30 Nov 1212 The Tax Institute in the Media
On Friday 23 November The Tax Institute was quoted in SmartCompany: ‘Government hits out at tech giants over tax, but industry warns issue not so simple’. In the article we comment on the recent speech by the Assistant Treasurer in which he claimed international companies were exploiting tax laws in countries like Ireland, allowing them to minimise taxes in Australia as a result. We say: "The issues raised here are a very complex area. The issues are made even more complicated by the fact you're not necessarily selling widgets, but internet services and so on. It's much broader than domestic tax policy, and there's not going to be any quick fix."
Also on 23 November The Tax Institute is acknowledged for research in the Herald Sun: ‘Time Voters had facts on taxation’.
On 28 November Louise McBride wrote an opinion piece in the Australian Financial Review: ‘Childcare vital to keep women in workforce’. In the article she mentions historical work of The Tax Institute from the early 1990’s on child care and tax deductibility.
On 29 November The Tax Institute was quoted in the BRW: ‘ATO REFUNDS UNDER SCRUTINY’ with respect to the Inspector-General's recently announced review into the ATO's delayed tax refunds
The Financial Review of 30 November quotes The Tax Institute with respect to upcoming superannuation changes. Voters are being softened up for major super changes in next year’s budget, as re-emphasised by Treasury Secretary Martin Parkinson in a recent speech. The article proceeds:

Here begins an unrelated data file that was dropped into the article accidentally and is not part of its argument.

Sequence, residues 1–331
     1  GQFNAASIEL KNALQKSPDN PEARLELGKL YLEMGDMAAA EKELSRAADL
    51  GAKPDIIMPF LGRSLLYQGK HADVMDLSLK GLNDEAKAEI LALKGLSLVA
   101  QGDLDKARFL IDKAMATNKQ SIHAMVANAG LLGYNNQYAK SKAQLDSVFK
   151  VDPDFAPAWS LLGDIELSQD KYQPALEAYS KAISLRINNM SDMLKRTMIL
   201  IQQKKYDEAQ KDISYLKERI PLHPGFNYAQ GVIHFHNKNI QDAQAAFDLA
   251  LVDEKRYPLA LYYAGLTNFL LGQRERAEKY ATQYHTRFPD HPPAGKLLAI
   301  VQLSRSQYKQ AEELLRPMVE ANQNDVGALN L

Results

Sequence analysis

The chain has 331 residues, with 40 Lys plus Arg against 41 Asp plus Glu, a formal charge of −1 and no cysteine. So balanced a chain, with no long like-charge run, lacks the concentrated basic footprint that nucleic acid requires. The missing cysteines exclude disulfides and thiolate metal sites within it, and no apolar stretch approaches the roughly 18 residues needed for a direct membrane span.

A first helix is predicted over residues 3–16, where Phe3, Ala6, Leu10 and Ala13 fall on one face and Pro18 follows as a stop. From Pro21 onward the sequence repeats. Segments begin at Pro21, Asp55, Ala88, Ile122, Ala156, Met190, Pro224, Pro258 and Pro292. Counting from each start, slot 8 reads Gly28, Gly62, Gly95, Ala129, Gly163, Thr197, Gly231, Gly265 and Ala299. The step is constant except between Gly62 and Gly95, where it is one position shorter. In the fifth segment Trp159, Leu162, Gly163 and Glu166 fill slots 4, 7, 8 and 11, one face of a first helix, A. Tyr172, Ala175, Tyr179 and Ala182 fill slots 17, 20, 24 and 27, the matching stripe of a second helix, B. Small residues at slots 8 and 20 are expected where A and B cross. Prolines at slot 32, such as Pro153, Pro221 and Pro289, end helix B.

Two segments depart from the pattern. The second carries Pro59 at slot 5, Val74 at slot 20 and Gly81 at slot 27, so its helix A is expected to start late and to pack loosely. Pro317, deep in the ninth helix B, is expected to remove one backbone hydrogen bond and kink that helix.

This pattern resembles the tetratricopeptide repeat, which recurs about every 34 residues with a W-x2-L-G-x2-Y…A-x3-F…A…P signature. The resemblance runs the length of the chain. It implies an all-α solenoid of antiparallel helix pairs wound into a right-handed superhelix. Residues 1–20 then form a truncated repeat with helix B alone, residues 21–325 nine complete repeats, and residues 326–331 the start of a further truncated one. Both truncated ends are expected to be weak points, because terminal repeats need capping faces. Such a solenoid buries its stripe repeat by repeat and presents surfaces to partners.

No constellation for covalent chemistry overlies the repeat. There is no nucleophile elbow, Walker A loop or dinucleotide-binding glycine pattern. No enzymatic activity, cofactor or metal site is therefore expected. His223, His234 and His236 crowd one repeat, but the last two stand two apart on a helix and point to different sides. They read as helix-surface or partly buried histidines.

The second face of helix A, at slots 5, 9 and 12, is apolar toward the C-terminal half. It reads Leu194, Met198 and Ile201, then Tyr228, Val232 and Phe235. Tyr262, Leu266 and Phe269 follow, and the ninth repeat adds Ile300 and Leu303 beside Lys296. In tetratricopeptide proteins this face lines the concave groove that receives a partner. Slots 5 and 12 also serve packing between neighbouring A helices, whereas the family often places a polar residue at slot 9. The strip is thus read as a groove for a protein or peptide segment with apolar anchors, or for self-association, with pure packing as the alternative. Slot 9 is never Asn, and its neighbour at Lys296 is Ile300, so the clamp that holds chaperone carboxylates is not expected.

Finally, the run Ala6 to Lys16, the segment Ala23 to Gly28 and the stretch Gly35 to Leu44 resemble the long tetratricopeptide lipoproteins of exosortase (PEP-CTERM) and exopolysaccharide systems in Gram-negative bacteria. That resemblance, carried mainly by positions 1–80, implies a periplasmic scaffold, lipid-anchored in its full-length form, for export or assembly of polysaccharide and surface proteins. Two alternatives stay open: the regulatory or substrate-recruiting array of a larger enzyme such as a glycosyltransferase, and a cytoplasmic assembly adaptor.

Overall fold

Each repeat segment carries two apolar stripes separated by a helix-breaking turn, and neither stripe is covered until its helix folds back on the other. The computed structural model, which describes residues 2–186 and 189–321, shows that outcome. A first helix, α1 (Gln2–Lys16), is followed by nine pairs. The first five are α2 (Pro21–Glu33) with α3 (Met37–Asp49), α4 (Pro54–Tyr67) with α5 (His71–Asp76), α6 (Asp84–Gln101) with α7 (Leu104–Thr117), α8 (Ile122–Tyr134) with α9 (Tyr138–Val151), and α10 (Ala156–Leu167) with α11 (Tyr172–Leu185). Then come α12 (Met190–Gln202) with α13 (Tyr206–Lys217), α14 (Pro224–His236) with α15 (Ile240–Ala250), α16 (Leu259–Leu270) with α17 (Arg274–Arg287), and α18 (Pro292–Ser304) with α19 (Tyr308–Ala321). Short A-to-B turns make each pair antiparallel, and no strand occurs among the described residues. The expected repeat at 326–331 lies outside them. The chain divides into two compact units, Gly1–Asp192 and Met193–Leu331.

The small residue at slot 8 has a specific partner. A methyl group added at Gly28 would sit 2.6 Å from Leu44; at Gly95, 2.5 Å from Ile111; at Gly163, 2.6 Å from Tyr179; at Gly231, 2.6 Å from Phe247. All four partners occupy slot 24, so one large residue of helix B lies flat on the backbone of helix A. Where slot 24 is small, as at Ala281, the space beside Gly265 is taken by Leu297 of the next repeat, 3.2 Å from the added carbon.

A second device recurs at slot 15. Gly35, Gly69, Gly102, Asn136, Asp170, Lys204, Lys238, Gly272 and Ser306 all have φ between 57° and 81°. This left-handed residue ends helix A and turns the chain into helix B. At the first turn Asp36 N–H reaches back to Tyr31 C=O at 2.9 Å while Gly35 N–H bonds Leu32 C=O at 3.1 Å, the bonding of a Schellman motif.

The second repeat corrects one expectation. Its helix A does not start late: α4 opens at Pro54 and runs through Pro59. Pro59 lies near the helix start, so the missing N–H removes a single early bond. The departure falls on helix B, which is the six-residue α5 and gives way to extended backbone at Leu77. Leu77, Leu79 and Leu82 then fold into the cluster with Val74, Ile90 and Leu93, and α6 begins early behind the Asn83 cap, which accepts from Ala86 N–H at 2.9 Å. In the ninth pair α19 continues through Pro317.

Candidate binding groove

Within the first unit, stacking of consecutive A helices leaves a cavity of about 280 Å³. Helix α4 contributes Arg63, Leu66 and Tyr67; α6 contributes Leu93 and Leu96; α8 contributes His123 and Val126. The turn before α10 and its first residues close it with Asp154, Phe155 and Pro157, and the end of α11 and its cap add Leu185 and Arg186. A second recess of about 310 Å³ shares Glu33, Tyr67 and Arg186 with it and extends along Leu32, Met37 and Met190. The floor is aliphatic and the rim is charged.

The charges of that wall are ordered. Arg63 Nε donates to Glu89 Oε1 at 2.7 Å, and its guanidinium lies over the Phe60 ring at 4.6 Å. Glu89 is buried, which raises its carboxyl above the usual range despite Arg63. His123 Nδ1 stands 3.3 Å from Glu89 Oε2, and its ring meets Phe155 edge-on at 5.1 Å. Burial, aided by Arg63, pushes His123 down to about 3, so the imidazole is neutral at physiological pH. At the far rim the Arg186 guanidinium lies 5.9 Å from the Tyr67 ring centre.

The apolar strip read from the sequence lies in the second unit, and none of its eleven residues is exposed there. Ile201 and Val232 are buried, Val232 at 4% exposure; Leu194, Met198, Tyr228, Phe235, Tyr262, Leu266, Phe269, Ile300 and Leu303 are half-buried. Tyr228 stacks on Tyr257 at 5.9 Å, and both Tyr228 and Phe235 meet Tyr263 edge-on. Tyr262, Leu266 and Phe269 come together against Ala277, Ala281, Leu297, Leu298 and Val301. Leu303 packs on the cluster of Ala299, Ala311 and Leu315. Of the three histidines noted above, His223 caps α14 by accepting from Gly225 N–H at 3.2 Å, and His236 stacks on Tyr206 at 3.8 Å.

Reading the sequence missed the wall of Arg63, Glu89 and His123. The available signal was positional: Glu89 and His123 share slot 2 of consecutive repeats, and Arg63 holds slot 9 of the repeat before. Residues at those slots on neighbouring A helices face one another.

“Dr Parkinson’s speech – made before a gathering of the superannuation industry – echoed the message being delivered via private conversations with Treasury officials, said Robert Jeremenko, a senior tax counsel at the Tax Institute. ‘This is clearly a concerted communication campaign by the government more broadly to raise these issues and, I would say, prepare taxpayers and the industry for some pretty big changes come budget.’ Mr Jeremenko said it was clear the government was continuing to look at super as a way of providing extra funds to meet its budget target. These speeches were ‘no accidents’, he said. He noted that Dr Parkinson’s remarks matched what the Greens have said about reducing the relative benefits to higher-income earners of superannuation."